Charities are a natural environment for collaboration. Usually, it is a collaboration born from pure altruism. Nothing bad about it, at the contrary. But the kind of collaboration we usually write about in this blog has a more “egoistic” approach, because it is precisely the win-win kind of deal the one with more chance to succeed in the long run.
But this kind of approach can also be applied to charities, as demonstrated by (RED). The concept founded in 2006 by U2 frontman and activist, Bono, (RED) pioneered a new model of charitable giving by harnessing the power of brands and consumerism to create partnerships for change.
In this collaboration model each partner company creates a product with the Product Red logo. In return for the opportunity to increase revenue through the Product Red license, a percentage of the profit gained by each partner is donated to the Global Fund, created in 2002 to fight AIDS, Tuberculosis and Malaria and support large-scale prevention, treatment and care programs for these three infectious diseases in Africa.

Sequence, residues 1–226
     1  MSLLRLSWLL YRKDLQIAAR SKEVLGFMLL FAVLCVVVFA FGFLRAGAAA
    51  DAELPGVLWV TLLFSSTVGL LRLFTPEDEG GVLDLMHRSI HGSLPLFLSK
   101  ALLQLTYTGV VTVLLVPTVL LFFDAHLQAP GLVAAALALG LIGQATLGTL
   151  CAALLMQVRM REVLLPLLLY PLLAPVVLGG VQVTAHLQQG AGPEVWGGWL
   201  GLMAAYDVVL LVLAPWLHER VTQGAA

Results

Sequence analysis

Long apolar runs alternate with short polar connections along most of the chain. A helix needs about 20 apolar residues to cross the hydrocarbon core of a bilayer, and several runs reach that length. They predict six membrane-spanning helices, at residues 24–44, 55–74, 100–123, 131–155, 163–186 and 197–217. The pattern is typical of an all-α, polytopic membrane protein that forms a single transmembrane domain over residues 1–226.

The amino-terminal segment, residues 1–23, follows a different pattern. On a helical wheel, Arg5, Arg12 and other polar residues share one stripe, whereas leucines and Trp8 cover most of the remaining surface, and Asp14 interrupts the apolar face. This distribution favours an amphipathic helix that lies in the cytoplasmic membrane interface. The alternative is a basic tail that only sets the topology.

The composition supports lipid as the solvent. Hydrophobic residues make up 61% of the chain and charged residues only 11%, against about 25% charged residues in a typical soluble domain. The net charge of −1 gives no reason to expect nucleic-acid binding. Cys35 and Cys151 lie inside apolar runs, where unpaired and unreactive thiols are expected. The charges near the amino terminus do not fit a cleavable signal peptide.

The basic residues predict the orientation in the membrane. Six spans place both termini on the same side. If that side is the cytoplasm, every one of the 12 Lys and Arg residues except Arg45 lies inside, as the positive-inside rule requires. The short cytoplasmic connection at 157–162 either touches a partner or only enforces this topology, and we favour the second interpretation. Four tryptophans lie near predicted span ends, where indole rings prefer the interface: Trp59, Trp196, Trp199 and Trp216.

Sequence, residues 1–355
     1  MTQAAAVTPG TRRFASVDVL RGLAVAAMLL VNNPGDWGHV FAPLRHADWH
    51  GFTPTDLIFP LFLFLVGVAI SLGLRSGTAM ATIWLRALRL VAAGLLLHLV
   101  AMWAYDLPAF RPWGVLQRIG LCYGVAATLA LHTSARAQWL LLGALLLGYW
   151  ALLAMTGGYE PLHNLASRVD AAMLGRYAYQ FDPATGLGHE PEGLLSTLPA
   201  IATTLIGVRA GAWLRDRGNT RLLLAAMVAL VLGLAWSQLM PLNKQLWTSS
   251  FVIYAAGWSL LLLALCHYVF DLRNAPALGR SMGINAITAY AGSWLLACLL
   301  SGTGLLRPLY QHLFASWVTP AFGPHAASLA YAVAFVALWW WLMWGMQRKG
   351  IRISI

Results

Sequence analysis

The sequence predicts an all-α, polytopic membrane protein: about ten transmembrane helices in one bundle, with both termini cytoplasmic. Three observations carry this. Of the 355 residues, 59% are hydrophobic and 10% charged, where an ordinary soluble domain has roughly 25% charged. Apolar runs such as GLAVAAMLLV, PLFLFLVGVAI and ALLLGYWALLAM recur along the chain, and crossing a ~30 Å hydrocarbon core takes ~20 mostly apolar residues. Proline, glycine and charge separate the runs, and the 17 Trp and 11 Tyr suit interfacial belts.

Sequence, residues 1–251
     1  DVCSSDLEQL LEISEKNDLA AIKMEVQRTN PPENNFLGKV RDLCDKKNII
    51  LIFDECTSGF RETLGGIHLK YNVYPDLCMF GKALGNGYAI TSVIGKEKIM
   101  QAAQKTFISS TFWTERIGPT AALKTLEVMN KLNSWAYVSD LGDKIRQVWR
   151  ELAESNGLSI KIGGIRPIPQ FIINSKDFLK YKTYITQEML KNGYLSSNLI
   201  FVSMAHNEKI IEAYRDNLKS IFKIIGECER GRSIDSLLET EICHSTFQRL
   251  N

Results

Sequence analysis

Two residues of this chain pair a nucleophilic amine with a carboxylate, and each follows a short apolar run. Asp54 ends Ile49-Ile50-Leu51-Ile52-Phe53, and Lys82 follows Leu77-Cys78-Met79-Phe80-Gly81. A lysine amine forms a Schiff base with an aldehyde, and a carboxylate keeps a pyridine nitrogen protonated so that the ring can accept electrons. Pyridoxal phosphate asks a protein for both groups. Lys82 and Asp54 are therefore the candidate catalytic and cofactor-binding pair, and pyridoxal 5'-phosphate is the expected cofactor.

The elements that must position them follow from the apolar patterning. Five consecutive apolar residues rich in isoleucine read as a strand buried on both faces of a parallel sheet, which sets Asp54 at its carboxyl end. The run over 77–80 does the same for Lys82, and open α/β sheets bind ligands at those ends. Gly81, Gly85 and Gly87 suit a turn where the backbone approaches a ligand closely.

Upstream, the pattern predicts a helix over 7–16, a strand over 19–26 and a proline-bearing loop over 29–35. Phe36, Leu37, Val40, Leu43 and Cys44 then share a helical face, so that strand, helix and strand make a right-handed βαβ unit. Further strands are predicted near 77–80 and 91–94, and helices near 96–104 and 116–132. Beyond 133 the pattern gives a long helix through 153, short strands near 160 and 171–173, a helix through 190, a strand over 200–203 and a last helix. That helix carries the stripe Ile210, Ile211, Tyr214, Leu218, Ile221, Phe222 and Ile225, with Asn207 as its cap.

The (RED) system is designed for mutual benefit. Brands get an elevated profile through a custom product design and the cause’s own marketing, and the effort generates a steady stream of revenue for the Global Fund, far exceeding traditional one-off payments from corporate philanthropy budgets.
(RED) product logo has been licensed to partner companies including Nike, American Express (UK), Apple, Starbucks, Converse, Penguin Classics, Gap, Armani, Hallmark or SAP, among many others. Some partners have even gone the extra mile and manufactured products or packaging in African countries, generating jobs and opportunities for local people.
(RED) is considered a unique union of brands, people and ideas. A collaboration context for brands and charities that accentuates the idea that ‘doing good is good business’.